The Medicaid waiver program is available to eligible tenants in assisted living facilities only. The Medicaid waiver program is not available to residents living in basic care facilities. Tenants in assisted living residences are able to receive any of the services provided by the waiver program including personal care, respite, transportation, and adult day services. The State does not use the 300 percent eligibility percent option. The medically needy income standard is $500. Low-income residents retain $375 to pay for room and board and $60 for personal needs and any remaining funds are applied to the cost of services. Facilities receive a maximum rate of $80 per day, or a monthly cap of $2,400 per 30-day month for services. Rates are based upon the tenant’s plan of care. This rate covers direct services only and does not include reimbursement for case management. Room and board is not included in the charges allowed for Medicaid beneficiaries. Family supplementation is allowed.
The expanded SPED program is a companion program to the basic care program and serves eligible persons living in their own home. Participants must be Medicaid-eligible, and are moderately impaired, typically requiring some assistance with ADLs, supervision or a structured environment. Participants served by the expanded SPED program are not as impaired as participants in the SPED program or in nursing facilities.
The SPED program serves participants who are frailer than individuals in the expanded SPED program, but not nursing home eligible. Participants must meet program financial eligibility requirements including a $50,000 liquid asset test, but do not have to be Medicaid eligible. Participants may be required to pay a portion of the costs of care. Contributions are based upon income levels and a sliding fee scale. Facilities receive a maximum rate for services of $40 per day, or a monthly cap of $1,200 per 30-day month for both the SPED and expanded SPED programs. Rates are based upon the tenant’s plan of care. A point system is used to convert unmet service functional needs to a rate. (See table below.) The total points are multiplied by a factor of eight and divided by 30 to obtain a monthly payment rate.
The State is in the process of revising the point system (table below). Some point factors will go up, and some will go down based upon a retrospective review of plans of care and determination that some services take more time than others. The State anticipates the new point system will go into effect May 1, 2004.
|* NOTE: Not all facilities contracting with Medicaid were serving beneficiaries.|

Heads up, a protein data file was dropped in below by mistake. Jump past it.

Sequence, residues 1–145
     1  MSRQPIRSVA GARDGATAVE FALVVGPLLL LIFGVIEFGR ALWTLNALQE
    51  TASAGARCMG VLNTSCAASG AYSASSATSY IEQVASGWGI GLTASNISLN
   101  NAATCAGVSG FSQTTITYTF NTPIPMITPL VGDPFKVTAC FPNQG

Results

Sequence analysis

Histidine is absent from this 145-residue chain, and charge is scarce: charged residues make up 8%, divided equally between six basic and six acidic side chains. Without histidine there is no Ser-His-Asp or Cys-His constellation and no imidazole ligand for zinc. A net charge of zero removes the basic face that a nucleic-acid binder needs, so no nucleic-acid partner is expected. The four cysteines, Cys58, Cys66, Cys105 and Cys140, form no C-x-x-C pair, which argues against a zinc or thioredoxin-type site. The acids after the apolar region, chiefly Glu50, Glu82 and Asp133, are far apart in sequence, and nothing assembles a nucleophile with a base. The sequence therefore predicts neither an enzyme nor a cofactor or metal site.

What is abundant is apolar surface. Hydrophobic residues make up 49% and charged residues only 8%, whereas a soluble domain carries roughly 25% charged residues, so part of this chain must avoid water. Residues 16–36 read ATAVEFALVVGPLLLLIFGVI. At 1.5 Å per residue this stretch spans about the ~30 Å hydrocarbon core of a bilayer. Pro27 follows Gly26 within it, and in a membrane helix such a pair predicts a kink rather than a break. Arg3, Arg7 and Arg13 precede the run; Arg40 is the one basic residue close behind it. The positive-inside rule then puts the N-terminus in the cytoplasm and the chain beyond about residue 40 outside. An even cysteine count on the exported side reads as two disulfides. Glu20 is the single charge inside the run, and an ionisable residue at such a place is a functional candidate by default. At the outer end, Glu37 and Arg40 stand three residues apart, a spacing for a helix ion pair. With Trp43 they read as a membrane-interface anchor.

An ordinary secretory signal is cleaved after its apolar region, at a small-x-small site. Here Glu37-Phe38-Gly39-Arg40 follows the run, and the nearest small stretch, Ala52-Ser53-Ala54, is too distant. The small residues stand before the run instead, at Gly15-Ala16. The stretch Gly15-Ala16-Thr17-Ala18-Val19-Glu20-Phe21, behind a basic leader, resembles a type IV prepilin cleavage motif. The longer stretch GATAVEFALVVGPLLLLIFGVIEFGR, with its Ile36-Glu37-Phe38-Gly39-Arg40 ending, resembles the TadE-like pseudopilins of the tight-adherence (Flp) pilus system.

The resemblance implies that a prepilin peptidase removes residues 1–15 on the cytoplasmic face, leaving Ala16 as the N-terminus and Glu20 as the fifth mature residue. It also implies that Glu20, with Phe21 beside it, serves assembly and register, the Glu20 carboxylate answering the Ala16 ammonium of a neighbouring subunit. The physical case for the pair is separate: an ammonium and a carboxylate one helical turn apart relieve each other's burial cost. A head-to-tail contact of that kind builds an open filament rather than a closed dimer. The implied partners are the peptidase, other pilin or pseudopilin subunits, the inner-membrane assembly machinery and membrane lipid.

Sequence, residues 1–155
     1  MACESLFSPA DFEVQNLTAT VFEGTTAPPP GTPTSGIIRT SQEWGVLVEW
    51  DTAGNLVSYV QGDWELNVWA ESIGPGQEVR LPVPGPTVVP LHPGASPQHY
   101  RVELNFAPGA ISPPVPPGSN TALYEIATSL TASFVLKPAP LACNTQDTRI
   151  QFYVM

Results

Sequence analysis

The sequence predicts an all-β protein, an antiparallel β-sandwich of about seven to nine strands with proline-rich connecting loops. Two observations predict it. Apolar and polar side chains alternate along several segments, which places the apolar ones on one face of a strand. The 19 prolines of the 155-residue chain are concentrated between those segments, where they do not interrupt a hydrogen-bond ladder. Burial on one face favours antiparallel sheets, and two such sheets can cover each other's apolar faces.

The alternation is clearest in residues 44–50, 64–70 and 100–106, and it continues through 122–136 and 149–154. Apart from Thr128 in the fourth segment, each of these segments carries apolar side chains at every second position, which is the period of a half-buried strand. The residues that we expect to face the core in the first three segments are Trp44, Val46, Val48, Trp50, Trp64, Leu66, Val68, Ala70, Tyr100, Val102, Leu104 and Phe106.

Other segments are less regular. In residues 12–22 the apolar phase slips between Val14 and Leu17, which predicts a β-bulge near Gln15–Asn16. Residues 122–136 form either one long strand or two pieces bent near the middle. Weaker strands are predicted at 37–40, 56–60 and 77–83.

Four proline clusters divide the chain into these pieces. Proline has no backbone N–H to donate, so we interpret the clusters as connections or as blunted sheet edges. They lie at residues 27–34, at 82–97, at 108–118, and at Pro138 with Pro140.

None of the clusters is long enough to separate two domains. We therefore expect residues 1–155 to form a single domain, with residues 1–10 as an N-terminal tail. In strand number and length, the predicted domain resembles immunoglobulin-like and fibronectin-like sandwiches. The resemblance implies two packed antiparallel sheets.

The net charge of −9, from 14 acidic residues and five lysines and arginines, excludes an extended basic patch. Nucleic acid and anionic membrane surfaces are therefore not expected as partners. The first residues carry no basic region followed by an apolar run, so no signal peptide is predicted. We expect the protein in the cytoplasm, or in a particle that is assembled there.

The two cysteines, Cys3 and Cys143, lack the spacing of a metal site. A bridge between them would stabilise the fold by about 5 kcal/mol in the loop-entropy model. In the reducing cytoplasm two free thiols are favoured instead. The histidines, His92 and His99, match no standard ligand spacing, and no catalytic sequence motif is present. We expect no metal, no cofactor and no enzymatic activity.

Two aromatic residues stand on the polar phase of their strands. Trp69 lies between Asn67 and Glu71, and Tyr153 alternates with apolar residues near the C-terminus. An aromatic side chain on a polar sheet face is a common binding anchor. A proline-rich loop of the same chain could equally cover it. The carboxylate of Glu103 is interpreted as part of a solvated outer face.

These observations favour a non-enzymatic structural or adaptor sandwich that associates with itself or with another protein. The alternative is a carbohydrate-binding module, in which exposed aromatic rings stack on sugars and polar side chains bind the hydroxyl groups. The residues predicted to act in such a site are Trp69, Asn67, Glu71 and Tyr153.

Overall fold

Nursing Home Conversions
A conversion program was implemented in 2000. The State spent approximately $3.9 million from July 1, 1999 to June 30, 2003 to develop alternatives to nursing facility care. This includes both loans and grants to 20 facilities. The legislature did not provide any additional funds for the FY 2003-2005 biennium.
Assisted living. Staff must be able to deliver the necessary services required by plans of care.
Basic care facilities. There must be awake staff on duty 24 hours a day.
Administrators of basic care facilities must attend at least 12 hours of continuing education annually. No other requirements are stated.
Basic care facilities. The facility shall design, implement, and document educational programs to orient new employees and develop and improve employees’ skills to carry out their job responsibilities. On an annual basis, all employees shall receive in-service training in at least the following: fire and accident prevention and safety; mental and physical health needs of the residents, including behavior problems; prevention and control of infections, including universal precautions; and resident rights. The staff responsible for food preparation shall attend a minimum of two dietary educational programs per year. Staff responsible for activities shall attend a minimum of two activity-related educational programs per year.
Basic care facilities: Each facility’s personnel policies must include checking state registries and licensure boards prior to employment for findings of inappropriate conduct, employment, disciplinary actions, and termination.
Assisted living residences. The Department receives complaints by and on behalf of tenants. The Department must forward the complaints to the appropriate agency, entity, or program for investigation. The State contracts with the State Ombudsman Program for oversight and monitoring of assisted living facilities.
Basic care facilities. On-site, unannounced surveys are conducted by the Department to determine compliance with regulations. Plans of correction must be developed by the facility if deficiencies are found. Corrections must be completed within 60 days of the survey completion date unless the Department has approved an alternative schedule. The Department will follow up on all plans of correction. Enforcement actions include a ban or limitation on admissions, suspension or revocation of license, or denial of license.
The registration fee for assisted living facilities is $75 annually. As of January 2004, basic care facilities must pay a $10 per bed licensing fee.
|Taking medication||1||Foot care||10|
|Temperature\pulse\respiration\blood pressure||1||Nail care||10|
|Managing money||1||Changing dressings||10|
|Communication||1||Apply elastic bandage||10|
|Shopping||15||Care of prosthetic||10|
|Teeth/mouth care||20||Bowel program||20|
|Continence||15||Supervision level I||15|
|Eye care||10||Supervision level II||30|